TikTok allowed child groomers back on the platform after a one-week ban | #predators | #childpredators | #kids

TikTok is often accused of censoring political opinions, comments critical of China, ethnic minorities, and even disabled people. But there’s one thing that it’s accused of not proactively cracking down on – and that’s child groomers.

TikTok is a convenient hunting ground for pedophiles and child abusers, according to leaked documents of the platform’s policies and ex-employees working as moderators for the fast-growing social media app. There have been growing concerns about the video-sharing app being used by perverts to target underage children.

TikTok, which was officially launched in 2017 by Beijing-based tech company Byte Dance, now boasts of over 800 million active users, which makes it more popular than Twitter and almost catching up with Facebook and Instagram.

Among these users are children. Data from 2019 showed that 27% of TikTok users were aged between 13 and 17. However, the app has users as young as eight years old. According to an report from The Telegraph, more than half of kids in the UK use TikTok despite the growing safety concerns.

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It is the most popular social media app among children under the age of 18.

Recently leaked documents showed that users found sexually grooming kids are only suspended for a week. Those caught the second time are suspended for a month. It’s only after being caught a third time that such perverts are permanently banned.

Former moderators of the app backed the revelation from the leaked documents. These former employees said that the bad policy allows violators back with the same accounts, meaning they could continue sexually harassing the same children who reported them.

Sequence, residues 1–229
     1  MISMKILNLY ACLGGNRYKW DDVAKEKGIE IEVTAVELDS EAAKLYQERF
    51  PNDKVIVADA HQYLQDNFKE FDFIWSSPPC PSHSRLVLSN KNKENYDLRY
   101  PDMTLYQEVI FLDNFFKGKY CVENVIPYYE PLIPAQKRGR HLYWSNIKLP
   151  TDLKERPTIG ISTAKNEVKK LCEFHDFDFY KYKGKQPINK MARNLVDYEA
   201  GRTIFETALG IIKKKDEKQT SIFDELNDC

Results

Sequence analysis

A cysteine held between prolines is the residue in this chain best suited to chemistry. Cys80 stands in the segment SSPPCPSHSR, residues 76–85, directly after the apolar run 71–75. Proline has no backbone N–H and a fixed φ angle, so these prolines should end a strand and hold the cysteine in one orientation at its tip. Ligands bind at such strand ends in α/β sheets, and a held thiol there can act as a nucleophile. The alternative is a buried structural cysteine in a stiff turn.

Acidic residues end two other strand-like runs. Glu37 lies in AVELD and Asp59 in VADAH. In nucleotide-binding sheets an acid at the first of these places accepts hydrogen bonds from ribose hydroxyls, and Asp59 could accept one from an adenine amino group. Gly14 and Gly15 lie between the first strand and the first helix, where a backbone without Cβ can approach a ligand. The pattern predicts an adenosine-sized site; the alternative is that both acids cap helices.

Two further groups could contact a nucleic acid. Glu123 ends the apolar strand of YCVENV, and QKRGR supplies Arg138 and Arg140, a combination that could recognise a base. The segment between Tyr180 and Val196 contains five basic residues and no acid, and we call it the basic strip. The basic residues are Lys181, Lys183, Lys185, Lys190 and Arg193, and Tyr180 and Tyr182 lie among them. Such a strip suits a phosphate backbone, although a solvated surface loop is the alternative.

These moderators warned that the app is dangerous as it is filled with sexual predators targeting children.

“These people should be completely off; you don’t need to wait twice or for a third time.

“We saw pedophiles banned for a week and then back on there talking to children again.”

The former employees further revealed TikTok’s inadequate moderation practices. The company required them to prioritize reviewing videos over reported messages. As a result, a reported message could go for days without being reviewed.

The ex-employees estimated that adults sending inappropriate messages to children accounted for 10% of flagged messages. Additionally, some kids’ accounts could be receiving inappropriate messages from as many as ten adults.

When approached for comment, TikTok claimed that it implements a “zero-tolerance policy” on child abuse.

“Flagged and suspected grooming behavior is escalated to our internal Child Safety Team (CST) to investigate,” the statement said. “In line with international standards, we report all necessary information to NCMEC [National Center for Missing & Exploited Children] which works directly with law enforcement, and ban the offending user.”

TikTok also claimed that most of the claims made by the former employees refer to policies it has since abandoned.


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